Fast-dm Python wrapper

I implemented a little wrapper for fast-dm which makes it easier to use fast-dm in a python environment. You can fide the code on github. There is also an IPython notebook. that shows how to use it.  

FastDM Python wrapper demo

A short demo of how easy you can fit DDM models using fastdm and Python, on multiple cores
In [5]:
import fastdm
import pandas
load in data
In [9]:
data = pandas.load('/home/gdholla1/data/tdcs/data/leiden/leiden.pandas')
Set up the model. We feed in: * A Pandas DataFrame with columns RT and response * A dictionary indicating which parameters depend on which conditions
In [10]:
model = fastdm.FastDM(data, 
                      depends_on={'a':['acc_spd', 'stimulation'],
                                  't0':['acc_spd', 'stimulation'],})
We fit using 10 CPU cores at the same time
In [11]:
model.fit(nproc=10)
Running fast-dm on experiment_2.ctl
Running fast-dm on experiment_7.ctl
Running fast-dm on experiment_4.ctl
Running fast-dm on experiment_5.ctl
Running fast-dm on experiment_1.ctl
Running fast-dm on experiment_3.ctl
Running fast-dm on experiment_6.ctl
Out[11]:
<multiprocessing.pool.Pool at 0x4ba1490>
Now we can extract a FastDMResult-object
In [31]:
pars = model.get_parameters()
That has a dataframe parameters as an attribute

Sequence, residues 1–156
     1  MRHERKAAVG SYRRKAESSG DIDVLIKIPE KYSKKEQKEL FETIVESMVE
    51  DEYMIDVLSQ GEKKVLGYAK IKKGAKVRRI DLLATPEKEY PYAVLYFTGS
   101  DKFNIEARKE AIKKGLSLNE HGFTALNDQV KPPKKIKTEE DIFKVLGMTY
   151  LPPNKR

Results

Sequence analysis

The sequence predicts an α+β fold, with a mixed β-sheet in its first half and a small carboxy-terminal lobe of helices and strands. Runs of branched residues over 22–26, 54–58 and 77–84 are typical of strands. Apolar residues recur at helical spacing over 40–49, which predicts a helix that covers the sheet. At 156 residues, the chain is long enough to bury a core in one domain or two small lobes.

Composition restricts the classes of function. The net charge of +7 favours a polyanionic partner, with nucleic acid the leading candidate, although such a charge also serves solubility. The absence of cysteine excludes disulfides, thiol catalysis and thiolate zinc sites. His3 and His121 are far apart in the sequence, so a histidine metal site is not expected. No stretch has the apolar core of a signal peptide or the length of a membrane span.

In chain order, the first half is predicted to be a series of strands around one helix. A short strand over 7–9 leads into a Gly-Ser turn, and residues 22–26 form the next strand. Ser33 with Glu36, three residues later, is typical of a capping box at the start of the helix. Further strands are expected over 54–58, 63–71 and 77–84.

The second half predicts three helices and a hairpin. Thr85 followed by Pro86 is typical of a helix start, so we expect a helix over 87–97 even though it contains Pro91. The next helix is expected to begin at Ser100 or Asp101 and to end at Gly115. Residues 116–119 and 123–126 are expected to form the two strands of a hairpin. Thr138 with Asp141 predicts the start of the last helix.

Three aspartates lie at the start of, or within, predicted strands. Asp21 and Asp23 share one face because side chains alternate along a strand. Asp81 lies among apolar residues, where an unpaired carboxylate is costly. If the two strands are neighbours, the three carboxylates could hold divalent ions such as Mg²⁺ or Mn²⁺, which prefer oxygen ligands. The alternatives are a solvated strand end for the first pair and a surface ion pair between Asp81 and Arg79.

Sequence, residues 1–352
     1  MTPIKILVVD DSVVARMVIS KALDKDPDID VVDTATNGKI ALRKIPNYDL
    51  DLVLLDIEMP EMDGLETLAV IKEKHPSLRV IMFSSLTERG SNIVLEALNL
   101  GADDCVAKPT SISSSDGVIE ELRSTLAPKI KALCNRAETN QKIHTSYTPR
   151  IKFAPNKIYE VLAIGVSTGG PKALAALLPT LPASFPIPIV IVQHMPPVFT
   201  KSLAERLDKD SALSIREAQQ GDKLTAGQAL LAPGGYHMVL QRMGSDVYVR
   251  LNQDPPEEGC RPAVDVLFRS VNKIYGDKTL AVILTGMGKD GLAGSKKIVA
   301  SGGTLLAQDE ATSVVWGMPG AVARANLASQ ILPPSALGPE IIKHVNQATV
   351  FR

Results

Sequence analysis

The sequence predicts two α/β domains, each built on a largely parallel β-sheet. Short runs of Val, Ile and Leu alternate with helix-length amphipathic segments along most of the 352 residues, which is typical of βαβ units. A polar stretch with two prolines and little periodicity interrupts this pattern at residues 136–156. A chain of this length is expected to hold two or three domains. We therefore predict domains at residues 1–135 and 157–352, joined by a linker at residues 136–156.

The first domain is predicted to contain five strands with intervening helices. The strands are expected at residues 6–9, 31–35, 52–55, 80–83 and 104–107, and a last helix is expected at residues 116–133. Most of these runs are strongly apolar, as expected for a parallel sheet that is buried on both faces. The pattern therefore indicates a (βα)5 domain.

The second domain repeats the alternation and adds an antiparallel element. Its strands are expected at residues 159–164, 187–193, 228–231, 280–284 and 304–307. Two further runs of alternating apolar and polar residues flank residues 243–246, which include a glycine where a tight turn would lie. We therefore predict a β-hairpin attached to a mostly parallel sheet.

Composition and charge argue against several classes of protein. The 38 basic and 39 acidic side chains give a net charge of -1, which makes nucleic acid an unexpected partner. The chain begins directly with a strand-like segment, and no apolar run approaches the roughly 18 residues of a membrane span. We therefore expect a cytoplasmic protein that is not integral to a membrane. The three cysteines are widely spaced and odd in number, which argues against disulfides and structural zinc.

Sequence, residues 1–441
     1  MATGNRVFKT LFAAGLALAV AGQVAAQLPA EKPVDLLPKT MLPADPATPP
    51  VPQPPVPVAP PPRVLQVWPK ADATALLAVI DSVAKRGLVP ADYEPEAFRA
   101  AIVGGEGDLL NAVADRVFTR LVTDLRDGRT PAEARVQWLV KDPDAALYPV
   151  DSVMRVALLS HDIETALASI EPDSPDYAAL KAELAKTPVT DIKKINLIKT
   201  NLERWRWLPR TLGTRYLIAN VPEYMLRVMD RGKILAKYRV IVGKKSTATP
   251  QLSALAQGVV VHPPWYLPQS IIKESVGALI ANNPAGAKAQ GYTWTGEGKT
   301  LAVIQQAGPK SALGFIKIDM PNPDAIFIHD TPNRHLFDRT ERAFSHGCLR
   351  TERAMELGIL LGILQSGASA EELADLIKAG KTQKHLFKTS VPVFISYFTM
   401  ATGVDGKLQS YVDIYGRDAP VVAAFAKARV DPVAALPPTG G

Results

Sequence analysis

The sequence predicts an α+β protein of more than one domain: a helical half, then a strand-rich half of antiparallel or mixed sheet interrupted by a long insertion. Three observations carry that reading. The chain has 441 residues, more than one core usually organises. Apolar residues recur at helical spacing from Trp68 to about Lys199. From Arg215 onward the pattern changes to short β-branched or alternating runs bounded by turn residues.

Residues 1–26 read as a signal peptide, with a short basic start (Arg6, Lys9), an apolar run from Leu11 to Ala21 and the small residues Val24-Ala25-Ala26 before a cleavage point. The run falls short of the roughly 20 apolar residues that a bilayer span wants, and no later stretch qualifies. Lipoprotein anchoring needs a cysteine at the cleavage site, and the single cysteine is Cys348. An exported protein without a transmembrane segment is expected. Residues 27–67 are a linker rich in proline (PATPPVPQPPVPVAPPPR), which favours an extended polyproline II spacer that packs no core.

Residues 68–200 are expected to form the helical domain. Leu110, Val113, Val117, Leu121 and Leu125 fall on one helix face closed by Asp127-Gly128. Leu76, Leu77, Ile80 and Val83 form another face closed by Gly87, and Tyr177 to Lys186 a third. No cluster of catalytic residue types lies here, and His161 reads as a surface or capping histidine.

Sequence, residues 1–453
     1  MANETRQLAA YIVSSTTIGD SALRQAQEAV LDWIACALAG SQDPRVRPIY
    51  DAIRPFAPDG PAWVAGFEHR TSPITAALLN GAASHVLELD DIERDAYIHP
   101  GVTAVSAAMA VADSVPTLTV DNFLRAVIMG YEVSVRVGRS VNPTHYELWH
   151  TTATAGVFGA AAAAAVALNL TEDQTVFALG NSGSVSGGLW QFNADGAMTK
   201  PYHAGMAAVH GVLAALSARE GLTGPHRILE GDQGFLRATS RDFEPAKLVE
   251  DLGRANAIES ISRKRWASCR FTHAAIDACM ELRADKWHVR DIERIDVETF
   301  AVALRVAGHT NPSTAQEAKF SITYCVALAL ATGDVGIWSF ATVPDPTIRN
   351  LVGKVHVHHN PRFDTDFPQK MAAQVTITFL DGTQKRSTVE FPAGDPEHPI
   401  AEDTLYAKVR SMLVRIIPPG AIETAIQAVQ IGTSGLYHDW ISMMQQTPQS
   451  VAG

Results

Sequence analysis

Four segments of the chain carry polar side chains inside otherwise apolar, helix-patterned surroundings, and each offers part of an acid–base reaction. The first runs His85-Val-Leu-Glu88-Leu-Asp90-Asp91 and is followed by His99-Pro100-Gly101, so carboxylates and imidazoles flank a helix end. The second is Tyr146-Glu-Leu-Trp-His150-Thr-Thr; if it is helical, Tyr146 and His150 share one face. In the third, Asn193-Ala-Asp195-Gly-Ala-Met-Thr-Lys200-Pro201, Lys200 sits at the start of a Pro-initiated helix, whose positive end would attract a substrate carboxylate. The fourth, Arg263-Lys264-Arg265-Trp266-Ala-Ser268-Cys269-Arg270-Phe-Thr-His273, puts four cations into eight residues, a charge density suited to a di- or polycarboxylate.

In [41]:
pars.parameters
Out[41]:
a_acc_anodal a_acc_sham a_spd_anodal a_spd_sham d fit method penalty st0 sv szr t0_acc_anodal t0_acc_sham t0_spd_anodal t0_spd_sham time v subj_idx
subj_idx
2 NaN 1.2304 NaN 0.8493 -0.0036 0.3139 KS 0 0.1019 0.4961 0.4870 NaN 0.4718 NaN 0.4259 11.58 1.4959 2
1 2.0622 NaN 1.0335 NaN 0.0385 0.1232 KS 0 0.0786 1.0405 0.3692 0.4299 NaN 0.3931 NaN 27.93 2.6697 1
4 NaN 0.8207 NaN 0.7250 -0.0145 0.4445 KS 0 0.1906 0.6474 0.3718 NaN 0.3533 NaN 0.3469 6.59 0.1914 4
7 1.1676 NaN 1.1529 NaN -0.0145 0.1342 KS 0 0.1796 0.8161 0.3894 0.2723 NaN 0.2697 NaN 22.60 0.4535 7
5 1.5793 NaN 0.8046 NaN 0.0079 0.4626 KS 0 0.1140 0.5652 0.4924 0.5314 NaN 0.4500 NaN 10.38 2.0744 5
3 1.2111 NaN 0.7283 NaN -0.0202 0.8502 KS 0 0.2516 1.0173 0.1926 0.5259 NaN 0.3912 NaN 17.62 0.3991 3
6 NaN 0.7969 NaN 0.6579 -0.0094 0.0999 KS 0 0.1201 1.2397 0.3093 NaN 0.3737 NaN 0.3776 6.57 3.0034 6
You can also make a ‘melted’ dataframe for a single parameter
In [43]:
p = pars.melted_parameters('t0')
p
Out[43]:
subj_idx t0 acc_spd stimulation
1 1 0.4299 acc anodal
3 7 0.2723 acc anodal
4 5 0.5314 acc anodal
5 3 0.5259 acc anodal
7 2 0.4718 acc sham
9 4 0.3533 acc sham
13 6 0.3737 acc sham
15 1 0.3931 spd anodal
17 7 0.2697 spd anodal
18 5 0.4500 spd anodal
19 3 0.3912 spd anodal
21 2 0.4259 spd sham
23 4 0.3469 spd sham
27 6 0.3776 spd sham
Let’s make some nice plots using seaborn
In [44]:
import seaborn as sns
In [45]:
p = pars.melted_parameters('t0')
sns.factorplot('acc_spd', 't0', hue='stimulation', data=p, units='subj_idx',)
Out[45]:
<seaborn.axisgrid.FacetGrid at 0x62cd290>
In [47]:
p = pars.melted_parameters('a')
sns.factorplot('stimulation', 'a', hue='acc_spd', data=p, units='subj_idx',)
Out[47]:
<seaborn.axisgrid.FacetGrid at 0x62a47d0>